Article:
ARE independent counsels a vital bulwark against wrongdoing in
the United States executive branch? Or are they out-of-control
prosecutors on a witch hunt against presidential appointees?
Those are the questions congressmen, editorial writers, and the
public at large will be asking this year as Congress considers
whether to reenact a law that allows the attorney general to ask a
panel of appellate judges to appoint an independent counsel to look
into alleged malfeasance by top executive-branch officials.
Three independent counsels, appointed before the law expired on
Dec. 15, 1992, are still in business: Lawrence Walsh, investigating
the Iran-contra affair; Arlin Adams, looking into alleged
corruption at the Reagan-era Department of Housing and Urban
Development (HUD); and Joseph diGenova, appointed just one day
before the law expired to investigate the State Department's
pre-election search for President-elect Clinton's passport file.
Law came after Watergate
The independent-counsel law was passed in 1978. At the time,
memories of Watergate and the "Saturday Night Massacre" - when
President Nixon fired special prosecutor Archibald Cox - were still
fresh. Congress sought to prevent a future president from firing a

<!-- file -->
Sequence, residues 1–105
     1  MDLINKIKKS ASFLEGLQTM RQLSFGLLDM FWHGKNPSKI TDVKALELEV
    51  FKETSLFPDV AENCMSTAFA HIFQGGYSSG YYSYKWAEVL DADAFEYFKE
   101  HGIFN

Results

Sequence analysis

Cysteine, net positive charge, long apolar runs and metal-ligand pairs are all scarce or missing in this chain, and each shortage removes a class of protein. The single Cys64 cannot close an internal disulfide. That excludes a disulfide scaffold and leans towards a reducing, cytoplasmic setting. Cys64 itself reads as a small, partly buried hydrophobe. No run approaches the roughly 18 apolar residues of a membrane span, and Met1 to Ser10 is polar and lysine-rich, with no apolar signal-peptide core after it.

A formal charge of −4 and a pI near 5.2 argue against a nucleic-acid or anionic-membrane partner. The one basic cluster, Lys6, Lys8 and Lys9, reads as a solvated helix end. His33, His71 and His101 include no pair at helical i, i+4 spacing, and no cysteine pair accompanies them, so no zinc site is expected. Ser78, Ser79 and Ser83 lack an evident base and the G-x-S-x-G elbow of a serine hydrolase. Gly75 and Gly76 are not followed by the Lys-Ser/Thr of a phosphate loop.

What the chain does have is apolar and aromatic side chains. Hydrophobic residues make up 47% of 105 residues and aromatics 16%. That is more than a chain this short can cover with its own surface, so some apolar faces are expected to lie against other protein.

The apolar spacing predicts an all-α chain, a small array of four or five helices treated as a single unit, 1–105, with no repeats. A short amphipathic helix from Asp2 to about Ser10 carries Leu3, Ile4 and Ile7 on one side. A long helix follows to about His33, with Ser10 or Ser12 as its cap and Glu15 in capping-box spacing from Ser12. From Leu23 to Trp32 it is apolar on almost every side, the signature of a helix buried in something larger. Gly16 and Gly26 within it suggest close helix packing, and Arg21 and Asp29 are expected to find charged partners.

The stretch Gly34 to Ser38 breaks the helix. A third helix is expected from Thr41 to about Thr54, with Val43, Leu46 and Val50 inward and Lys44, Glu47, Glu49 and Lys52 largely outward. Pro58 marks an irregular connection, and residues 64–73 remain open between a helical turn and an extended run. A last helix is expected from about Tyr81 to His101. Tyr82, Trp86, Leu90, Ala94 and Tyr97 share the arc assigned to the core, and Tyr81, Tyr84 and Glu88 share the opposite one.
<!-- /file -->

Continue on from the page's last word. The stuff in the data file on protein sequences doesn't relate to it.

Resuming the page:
prosecutor investigating top-level misconduct.
Many of the 14 independent counsels, however, have been heavily
criticized for being too zealous in pursuing public servants.
Only three of those investigations have resulted in convictions,
but all of them have tarnished the reputations of those under
For example, Raymond Donovan, who was secretary of labor under
Ronald Reagan, was investigated for alleged ties to organized crime.
Eventually, independent counsel Leon Silverman cleared him of
the charges, but the former Cabinet secretary asked plaintively:
"Where do I go to get my reputation back?"
The basic problem with the law, says Terry Eastland, a former
official in the Reagan Justice Department, was that it allowed a
special prosecutor virtually unlimited time and resources to work
on one case.
"Independent counsels are so single-minded that they do not
proceed according to the standards that would guide ordinary
prosecutors," says Mr. Eastland, now a fellow at the Ethics and
Public Policy Center in Washington. "They can indict almost anyone.
The problem is getting juries to agree."
Charges of excessive zeal most often have been directed at Mr.
Walsh, who has spent over six years and $33 million investigating
the Iran-contra affair. But similar criticisms have been leveled at
other independent counsels. …